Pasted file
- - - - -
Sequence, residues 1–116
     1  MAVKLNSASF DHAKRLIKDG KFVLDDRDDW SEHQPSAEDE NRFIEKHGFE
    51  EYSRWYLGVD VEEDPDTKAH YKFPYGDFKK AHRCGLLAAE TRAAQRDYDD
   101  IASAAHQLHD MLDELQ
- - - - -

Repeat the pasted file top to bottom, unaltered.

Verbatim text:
Sequence, residues 1–116
     1  MAVKLNSASF DHAKRLIKDG KFVLDDRDDW SEHQPSAEDE NRFIEKHGFE
    51  EYSRWYLGVD VEEDPDTKAH YKFPYGDFKK AHRCGLLAAE TRAAQRDYDD
   101  IASAAHQLHD MLDELQ